Among them is a measure which states that municipalities of 500 cities with over one lakh people will have to issue documents such as building permits, ration cards, birth and death certificates etc. within 24 hours of online application.
Ministry of Urban Development proposes reforms
Shifting to a trust based process
"Municipalities will start the process of issuance of certificates soon after receiving an online request. It is a new approach based on trust. You trust and offer a service, and verify later," said Rajiv Gauba, the Union Urban Development secretary.
The reforms are part of PM Modi's AMRUT scheme
The reforms introduced by the Ministry of Urban Development are all linked to monetary incentives which are part of the Atal Mission for Rejuvenation and Urban Transformation (AMRUT).
Launched by PM Modi in June 2015, the Ministry of Urban Development scheme aims to upgrade infrastructure, online or otherwise, in 500 cities.
Previously, online services like bill payment was offered only by 50 cities.
Love India news?
Stay updated with the latest happenings.
Rs. 10,000 crore allotted for AMRUT now
"We have proposed increasing the incentive component from the existing Rs. 2,000 crore to Rs. 10,000 crore for the remaining duration of the AMRUT mission. We will soon seek cabinet approval for this," said Gauba, explaining the expanded scope for AMRUT.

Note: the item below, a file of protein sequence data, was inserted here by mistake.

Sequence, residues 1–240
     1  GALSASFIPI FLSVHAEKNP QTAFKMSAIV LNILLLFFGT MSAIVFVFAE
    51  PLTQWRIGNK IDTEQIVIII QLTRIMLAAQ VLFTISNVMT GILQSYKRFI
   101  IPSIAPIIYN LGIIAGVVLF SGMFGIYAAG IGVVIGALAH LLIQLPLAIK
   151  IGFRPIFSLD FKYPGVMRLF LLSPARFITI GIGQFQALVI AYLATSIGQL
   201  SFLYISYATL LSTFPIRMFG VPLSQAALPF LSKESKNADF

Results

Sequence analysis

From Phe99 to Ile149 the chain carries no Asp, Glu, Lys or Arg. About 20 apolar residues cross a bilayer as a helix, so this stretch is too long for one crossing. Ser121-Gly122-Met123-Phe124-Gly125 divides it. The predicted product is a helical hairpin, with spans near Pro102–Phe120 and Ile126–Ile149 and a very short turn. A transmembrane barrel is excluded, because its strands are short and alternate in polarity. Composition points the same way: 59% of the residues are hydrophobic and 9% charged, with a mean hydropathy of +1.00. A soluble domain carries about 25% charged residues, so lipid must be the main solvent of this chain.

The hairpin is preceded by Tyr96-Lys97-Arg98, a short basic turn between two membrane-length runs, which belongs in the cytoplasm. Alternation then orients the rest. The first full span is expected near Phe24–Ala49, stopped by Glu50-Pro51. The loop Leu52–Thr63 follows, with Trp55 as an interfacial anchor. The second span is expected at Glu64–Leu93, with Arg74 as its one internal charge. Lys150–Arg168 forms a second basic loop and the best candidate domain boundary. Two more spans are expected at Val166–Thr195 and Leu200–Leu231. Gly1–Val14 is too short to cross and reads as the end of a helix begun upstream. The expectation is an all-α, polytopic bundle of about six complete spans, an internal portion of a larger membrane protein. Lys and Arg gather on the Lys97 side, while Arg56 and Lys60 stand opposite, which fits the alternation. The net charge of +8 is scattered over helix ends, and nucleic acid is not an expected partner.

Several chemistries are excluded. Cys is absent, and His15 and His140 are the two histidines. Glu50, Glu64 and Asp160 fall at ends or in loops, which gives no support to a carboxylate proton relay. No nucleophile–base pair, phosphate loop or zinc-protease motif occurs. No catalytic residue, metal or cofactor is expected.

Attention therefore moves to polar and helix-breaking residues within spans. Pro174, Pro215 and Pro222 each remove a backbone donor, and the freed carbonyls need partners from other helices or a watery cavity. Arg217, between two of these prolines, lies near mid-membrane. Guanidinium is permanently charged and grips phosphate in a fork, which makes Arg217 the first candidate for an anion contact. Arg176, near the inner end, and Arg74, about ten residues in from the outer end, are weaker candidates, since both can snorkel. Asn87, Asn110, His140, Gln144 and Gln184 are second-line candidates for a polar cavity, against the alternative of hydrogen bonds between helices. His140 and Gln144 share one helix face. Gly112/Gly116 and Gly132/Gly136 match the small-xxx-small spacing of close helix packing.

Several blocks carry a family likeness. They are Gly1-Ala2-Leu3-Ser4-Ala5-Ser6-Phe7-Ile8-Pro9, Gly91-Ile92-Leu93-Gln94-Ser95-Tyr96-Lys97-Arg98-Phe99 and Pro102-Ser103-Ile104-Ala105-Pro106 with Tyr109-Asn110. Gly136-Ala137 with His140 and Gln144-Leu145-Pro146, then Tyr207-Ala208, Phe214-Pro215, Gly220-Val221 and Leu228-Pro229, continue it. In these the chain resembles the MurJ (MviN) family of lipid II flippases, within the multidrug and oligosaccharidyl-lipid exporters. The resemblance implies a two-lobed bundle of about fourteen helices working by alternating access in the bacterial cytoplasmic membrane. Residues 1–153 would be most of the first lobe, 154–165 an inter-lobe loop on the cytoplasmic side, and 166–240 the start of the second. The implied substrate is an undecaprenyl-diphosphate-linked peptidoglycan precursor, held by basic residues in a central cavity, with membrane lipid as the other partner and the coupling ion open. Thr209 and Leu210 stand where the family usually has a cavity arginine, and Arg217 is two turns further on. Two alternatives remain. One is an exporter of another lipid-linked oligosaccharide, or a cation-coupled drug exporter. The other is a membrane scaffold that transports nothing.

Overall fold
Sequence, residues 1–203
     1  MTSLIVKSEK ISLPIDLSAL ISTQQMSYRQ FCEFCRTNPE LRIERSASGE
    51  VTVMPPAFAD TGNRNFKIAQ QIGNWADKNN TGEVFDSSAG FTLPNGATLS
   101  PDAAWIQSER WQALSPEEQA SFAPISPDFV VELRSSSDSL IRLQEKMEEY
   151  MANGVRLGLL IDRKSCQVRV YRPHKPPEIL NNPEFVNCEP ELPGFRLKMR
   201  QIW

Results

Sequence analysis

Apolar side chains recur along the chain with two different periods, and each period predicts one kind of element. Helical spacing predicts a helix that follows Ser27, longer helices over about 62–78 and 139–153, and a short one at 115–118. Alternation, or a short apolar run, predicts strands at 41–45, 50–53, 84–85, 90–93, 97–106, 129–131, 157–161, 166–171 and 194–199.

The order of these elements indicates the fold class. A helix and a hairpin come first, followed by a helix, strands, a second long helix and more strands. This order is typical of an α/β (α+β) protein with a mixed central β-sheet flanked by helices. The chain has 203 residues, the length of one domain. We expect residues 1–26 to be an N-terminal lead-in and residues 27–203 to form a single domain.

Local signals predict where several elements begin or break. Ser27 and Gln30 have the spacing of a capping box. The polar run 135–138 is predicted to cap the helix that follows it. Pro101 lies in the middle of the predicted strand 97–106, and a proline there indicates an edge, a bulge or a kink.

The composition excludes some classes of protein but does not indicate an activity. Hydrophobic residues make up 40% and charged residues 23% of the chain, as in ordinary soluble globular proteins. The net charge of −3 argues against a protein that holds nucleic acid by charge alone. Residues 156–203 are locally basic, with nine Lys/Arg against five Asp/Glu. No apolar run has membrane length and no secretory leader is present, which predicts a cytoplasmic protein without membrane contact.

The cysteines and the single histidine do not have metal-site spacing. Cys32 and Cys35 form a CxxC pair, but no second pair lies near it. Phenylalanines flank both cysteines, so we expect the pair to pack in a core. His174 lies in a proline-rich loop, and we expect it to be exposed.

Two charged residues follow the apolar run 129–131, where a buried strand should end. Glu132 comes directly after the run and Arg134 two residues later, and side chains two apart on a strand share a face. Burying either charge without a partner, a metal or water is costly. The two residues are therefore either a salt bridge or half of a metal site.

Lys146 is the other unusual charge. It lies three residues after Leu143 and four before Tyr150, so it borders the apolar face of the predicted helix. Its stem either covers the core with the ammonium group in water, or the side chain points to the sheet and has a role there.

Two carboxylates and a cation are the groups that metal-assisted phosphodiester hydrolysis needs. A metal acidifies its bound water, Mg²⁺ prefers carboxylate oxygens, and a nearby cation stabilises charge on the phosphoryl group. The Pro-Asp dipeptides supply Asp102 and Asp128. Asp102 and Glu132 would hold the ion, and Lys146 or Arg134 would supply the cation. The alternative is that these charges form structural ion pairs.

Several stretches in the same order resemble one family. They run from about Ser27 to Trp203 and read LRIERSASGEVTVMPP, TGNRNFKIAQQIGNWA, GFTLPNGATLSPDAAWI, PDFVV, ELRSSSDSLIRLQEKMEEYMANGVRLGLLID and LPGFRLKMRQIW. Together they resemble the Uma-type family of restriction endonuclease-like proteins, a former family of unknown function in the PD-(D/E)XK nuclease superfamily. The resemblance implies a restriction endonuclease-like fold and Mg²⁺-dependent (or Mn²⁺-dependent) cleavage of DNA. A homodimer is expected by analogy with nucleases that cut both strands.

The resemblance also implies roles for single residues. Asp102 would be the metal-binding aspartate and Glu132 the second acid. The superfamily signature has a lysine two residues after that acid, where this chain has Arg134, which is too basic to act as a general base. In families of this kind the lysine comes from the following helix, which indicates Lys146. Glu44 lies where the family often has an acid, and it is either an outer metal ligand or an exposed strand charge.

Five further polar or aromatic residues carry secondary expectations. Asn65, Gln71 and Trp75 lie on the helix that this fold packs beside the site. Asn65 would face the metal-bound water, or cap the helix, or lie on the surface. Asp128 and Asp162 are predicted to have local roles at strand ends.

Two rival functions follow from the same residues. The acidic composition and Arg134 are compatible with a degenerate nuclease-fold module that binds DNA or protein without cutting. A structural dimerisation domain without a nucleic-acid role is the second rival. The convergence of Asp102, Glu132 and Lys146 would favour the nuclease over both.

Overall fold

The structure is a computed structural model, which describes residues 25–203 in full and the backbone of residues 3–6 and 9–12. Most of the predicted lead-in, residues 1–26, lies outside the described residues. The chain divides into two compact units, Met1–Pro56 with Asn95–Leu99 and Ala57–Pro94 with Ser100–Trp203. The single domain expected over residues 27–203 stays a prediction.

The reforms proposed by the Ministry of Urban Development
While timelines are still being fixed, under AMRUT, the Ministry of Urban development will offer financial incentives to urban local bodies (ULBs) for implementation.
The reforms include online payment of government service bills, online application for documents, implementation of the land-titling law for transparency, filling up municipal job vacancies, establishing dedicated municipal cadres, and raising money through innovative financial models for funding infrastructural development.
Towards making ULBs self-reliant
"These reforms - once implemented - will go a long way in making ULBs self-reliant," added Rajiv Gauba.
Google's AlphaGo, the AI which beat humans at Go, retires
Cyber crimes in a cashless economy